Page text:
Jump to content

Sam Ramon

  • Content Count

  • Joined

  • Last visited

Everything posted by Sam Ramon

  1. Get me out of this crazy country called the USA!

  2. We're going off topic here but I just have to add that the U.S. has outsourced ALL KINDS OF JOBS. There are currently 15 million UNEMPLOYED here, 3 million will be without any benefits by the end of this month, having exhausted all their benefits. Many are losing their homes and/or cashing in their 401k's, selling jewelry, etc. to survive. Yet there is only ONE job for EVERY FIVE UNEMPLOYED. This country outsources millions of jobs and now the Economy is paying for it. What did they think? That outsourcing jobs would NOT screw up our country???
  3. wishes he were in San Ramon!

  4. Question: I think I was charged some sort of "taxes" by my attorney, on my 2 corporations. One holds my bank account and the other holds my land. Is this normal, when are these taxes due, and how much should they be, mas o menos?
  5. Another great resource for legal info, and views from one of Costa Rica's major real estate and law offices: http://crexpertise.info/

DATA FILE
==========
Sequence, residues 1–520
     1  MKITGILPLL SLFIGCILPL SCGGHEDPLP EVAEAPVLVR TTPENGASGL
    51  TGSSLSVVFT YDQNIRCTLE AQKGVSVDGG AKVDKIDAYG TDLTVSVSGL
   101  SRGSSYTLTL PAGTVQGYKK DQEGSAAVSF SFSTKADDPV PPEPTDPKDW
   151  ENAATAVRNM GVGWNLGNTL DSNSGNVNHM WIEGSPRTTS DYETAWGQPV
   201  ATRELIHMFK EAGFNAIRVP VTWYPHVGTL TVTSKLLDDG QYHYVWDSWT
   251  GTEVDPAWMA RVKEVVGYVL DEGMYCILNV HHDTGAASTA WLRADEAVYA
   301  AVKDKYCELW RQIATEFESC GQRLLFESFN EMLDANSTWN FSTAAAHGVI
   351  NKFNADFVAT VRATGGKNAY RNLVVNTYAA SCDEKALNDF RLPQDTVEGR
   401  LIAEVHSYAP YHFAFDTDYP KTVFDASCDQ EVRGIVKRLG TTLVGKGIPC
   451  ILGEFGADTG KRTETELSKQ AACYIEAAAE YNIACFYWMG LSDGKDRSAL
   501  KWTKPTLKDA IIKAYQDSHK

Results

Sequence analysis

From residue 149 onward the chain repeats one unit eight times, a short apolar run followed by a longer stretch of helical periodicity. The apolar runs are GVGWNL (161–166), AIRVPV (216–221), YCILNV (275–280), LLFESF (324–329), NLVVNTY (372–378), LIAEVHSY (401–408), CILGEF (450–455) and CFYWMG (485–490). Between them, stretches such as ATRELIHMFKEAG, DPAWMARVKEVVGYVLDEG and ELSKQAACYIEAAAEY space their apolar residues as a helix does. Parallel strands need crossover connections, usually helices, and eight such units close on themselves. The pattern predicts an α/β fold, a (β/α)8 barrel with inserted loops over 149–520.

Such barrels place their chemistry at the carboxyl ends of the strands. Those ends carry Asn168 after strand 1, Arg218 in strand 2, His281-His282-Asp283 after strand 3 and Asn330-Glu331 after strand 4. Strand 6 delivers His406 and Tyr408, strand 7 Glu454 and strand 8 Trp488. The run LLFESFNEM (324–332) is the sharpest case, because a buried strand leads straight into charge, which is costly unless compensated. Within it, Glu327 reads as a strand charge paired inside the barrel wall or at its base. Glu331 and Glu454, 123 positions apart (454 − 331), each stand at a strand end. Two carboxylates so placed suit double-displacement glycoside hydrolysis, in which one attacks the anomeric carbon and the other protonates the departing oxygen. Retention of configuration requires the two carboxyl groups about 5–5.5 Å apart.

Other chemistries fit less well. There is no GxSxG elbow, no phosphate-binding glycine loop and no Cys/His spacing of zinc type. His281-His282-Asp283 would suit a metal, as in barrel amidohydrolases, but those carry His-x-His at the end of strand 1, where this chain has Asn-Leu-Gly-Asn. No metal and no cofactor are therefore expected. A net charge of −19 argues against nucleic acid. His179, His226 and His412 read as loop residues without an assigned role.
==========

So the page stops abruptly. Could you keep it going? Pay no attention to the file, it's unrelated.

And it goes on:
6. I absolutely agree! Do your due diligence, but most importantly ask for personal references and make sure you have a good highly recommended attorney for your property transaction. By the way, I did not mean that all realtors are crooked or not trustworthy. What I meant - and what I said was if you read it carefully - was that you should not put your full trust in any realtor (or developer) without asking around, keeping your eyes open, learning about buying real estate in Costa Rica, and using your own recommended attorney for any transaction. In other words, I have heard of people going to Costa Rica, having someone show them a few properties and then buy one from him or her just based on the fact that he or she seemed like a nice person! This is what I mean by "fully trusting a realtor" - trusting them so much that you do NO checking on him, NO asking around, NO research, and using HIS attorney for the transaction. This kind of "fully trusting" without checking on the person's reputation and without using your own attorney is a recipe for disaster. So whoever you buy from - Realtor, Developer or Taxi Driver - check them out, and most importantly have a GOOD attorney check out the property itself in the Registry for liens and problems. That last step - having a good attorney research the property fullyin person at the Registro - not just on the Registro internet site - is the MOST important thing because even if the guy selling you the property is a snake, as long as it is registered correctly and you get it into your name correctly, you'll be okay. Where you have to be careful is in "fully trusting" the person if they say "Oh yeah, the road is going to be improved next month" or "Oh yeah, the electricity will be put in here in June", etc. Even if they say "The electricity is here", ask them to SHOW the transformer to you. The water is piped in? Have them SHOW you the pipe! Anything like that, get it in writing!